Miami Travel Guide


Little Havana
The spirited Cuban neighborhood of Miami where the sights, sounds and smells are intoxicating. Be sure to sample a traditional Cuban meal or grab a quick sandwich cubano and some empanadas at any of the walk up counters. The heart of Little Havana is Calle Ocho (KAH-yeh AW-cho), Spanish for SW 8th St (actually it's Spanish just for 8th St, but what the hell). The entire length of Calle Ocho is lined with Cuban shops, cafes, record stores, pharmacies, and clothing and (most amusing) bridal shops.

Little Haiti
Primarily a community of Haitian immigrants that have settled into the area once known as Lemon City. Descriptive words like vibrant, interesting, and exotic are sometimes used to mask the hazards of this area.

Bill Baggs Cape Florida State Recreation Area
At the southern end of Key Biscayne, Bill Baggs Cape Florida State Recreation Area offers acres of exotic plants and nature trails bordered by white-sand beaches. At the park's southern tip is the Cape Florida Lighthouse, built in 1845. Key Biscayne is 5 miles (8km) southeast of mainland Miami.

Miami Beach
For a city beach, Miami Beach is one of the best around. The water is clear and warm, the sand relatively white and, best of all, it's wide enough and long enough to accommodate the throngs. The Promenade is a Deco-ish, wavy ribbon of concrete at the Beach's westernmost edge. If you've ever looked at a fashion magazine, you've seen it: it's the photo shoot site. If you show up early in the morning, you're likely to see shoots in progress. This is also the hot spot for in-line skaters, bicyclists, skateboarders, dog walkers and people watchers to mill about bumping into each other.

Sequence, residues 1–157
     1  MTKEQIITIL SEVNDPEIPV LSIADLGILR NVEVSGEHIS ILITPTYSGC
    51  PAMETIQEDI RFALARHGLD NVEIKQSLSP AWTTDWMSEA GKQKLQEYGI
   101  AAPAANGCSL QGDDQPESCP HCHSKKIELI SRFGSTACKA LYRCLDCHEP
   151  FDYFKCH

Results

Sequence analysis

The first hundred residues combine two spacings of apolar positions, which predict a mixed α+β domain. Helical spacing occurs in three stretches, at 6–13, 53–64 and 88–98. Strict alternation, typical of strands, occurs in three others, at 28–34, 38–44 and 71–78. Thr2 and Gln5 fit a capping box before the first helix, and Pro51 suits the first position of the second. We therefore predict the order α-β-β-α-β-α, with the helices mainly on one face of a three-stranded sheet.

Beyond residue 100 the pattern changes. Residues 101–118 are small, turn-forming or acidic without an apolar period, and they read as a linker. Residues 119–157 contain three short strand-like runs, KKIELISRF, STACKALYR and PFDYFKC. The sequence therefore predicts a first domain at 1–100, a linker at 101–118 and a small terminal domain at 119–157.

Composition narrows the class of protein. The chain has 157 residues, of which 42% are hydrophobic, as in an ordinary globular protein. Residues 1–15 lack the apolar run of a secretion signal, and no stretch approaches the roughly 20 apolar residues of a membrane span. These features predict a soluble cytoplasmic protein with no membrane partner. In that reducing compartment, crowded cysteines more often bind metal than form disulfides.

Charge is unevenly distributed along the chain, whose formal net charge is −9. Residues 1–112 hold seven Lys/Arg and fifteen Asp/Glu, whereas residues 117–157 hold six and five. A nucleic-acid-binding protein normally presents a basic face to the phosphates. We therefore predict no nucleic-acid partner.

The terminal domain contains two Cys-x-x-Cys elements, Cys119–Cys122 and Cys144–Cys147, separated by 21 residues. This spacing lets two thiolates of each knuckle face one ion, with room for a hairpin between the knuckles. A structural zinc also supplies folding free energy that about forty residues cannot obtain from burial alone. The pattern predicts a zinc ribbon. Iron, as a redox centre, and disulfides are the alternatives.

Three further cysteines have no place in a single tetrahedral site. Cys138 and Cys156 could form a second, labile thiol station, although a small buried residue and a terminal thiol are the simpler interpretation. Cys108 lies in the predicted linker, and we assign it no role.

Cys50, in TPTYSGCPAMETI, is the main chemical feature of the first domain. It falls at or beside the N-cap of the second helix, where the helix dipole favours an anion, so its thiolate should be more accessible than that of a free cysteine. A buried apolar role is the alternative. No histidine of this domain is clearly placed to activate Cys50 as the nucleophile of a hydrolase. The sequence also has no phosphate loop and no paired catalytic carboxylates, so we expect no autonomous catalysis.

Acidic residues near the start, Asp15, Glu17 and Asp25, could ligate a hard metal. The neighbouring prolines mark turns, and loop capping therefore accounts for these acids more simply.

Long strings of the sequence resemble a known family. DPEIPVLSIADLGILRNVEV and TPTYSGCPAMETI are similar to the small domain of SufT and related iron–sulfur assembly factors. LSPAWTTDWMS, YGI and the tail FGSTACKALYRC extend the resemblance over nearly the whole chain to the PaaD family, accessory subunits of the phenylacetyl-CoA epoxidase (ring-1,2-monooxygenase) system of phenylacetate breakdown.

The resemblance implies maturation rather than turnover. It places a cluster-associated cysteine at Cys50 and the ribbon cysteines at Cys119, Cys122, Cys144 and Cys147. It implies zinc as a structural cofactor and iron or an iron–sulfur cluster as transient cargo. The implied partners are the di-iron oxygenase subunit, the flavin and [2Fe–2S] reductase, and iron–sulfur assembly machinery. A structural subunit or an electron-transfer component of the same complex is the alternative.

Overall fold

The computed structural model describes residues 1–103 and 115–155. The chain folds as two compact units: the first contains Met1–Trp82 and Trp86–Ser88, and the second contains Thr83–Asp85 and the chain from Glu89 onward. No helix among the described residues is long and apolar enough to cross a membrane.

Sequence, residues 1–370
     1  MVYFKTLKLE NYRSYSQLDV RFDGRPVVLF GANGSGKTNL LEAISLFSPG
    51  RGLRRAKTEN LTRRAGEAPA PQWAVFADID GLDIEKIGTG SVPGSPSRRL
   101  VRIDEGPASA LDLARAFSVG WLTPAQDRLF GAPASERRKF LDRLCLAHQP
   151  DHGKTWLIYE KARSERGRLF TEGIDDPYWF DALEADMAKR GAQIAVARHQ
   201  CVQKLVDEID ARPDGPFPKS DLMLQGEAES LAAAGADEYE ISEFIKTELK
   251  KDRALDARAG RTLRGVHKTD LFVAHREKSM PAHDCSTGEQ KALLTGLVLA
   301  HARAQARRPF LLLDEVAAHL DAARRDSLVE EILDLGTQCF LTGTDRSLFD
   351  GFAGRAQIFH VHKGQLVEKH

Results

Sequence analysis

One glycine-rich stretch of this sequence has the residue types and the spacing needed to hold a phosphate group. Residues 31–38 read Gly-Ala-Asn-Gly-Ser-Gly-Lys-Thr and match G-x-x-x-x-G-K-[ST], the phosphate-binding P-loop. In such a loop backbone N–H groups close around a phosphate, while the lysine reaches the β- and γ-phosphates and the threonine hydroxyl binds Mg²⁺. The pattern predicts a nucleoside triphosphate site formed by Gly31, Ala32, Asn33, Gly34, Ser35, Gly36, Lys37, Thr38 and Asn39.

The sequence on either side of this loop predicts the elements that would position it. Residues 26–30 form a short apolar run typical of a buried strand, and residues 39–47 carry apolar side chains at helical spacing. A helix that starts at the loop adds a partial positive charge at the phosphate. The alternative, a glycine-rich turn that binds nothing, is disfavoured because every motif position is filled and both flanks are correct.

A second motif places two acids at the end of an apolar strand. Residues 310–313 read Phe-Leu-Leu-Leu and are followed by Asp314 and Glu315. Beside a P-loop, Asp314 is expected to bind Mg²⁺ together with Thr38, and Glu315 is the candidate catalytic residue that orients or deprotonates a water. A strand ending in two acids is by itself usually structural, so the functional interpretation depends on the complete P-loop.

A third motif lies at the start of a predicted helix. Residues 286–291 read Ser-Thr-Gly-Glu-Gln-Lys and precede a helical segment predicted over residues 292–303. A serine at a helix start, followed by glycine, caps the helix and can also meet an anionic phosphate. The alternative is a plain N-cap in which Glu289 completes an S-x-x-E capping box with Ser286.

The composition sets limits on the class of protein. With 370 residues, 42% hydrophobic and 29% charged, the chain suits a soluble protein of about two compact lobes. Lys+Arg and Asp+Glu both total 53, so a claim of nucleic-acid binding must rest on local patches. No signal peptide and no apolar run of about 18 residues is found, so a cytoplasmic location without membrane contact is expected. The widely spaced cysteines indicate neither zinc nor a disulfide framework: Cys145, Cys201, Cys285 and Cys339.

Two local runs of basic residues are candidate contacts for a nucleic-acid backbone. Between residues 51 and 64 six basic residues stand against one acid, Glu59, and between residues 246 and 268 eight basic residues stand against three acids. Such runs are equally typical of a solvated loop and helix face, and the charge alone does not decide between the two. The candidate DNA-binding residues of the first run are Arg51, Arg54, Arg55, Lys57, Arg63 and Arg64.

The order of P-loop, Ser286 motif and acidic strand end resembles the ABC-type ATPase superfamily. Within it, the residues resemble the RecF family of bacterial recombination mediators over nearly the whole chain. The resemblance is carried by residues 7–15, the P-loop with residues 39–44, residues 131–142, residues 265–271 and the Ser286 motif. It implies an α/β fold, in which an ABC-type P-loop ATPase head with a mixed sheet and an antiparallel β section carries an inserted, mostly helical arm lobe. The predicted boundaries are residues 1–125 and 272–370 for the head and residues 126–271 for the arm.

Bass Museum of Art
The Bass Museum of Art has expanded and received a dramatically new look, rendering it Miami's most progressive art museum. World-renowned Japanese architect Arata Isozaki designed the magnificent new facility, which has triple the former exhibition space, and added an outdoor sculpture terrace, a museum cafe and courtyard, and a museum shop, among other improvements.

Miami Art Museum at the Miami-Dade Cultural Center
The Miami Art Museum (MAM) features an eclectic mix of modern and contemporary works by such artists as Eric Fischl, Max Beckmann, Jim Dine, and Stuart Davis. Rotating exhibitions span the ages and styles, and often focus on Latin American or Caribbean artists. The Miami-Dade Cultural Center, where the museum is housed, is a fortresslike complex designed by Phillip Johnson. In addition to the acclaimed Miami Art Museum, the center houses the main branch of the Miami-Dade Public Library, which sometimes features art and cultural exhibits, and the Historical Museum of Southern Florida, which highlights the fascinating history of the area.

Miami Metrozoo
This 290-acre, sparsely landscaped complex (it was devastated by Hurricane Andrew) is quite a distance from Miami proper and the beaches--about 45 minutes--but worth the trip. Isolated and never really crowded, it's also completely cageless--animals are kept at bay by cleverly designed moats. Because the zoo can be miserably hot during summer months, plan these visits in the early morning or late afternoon.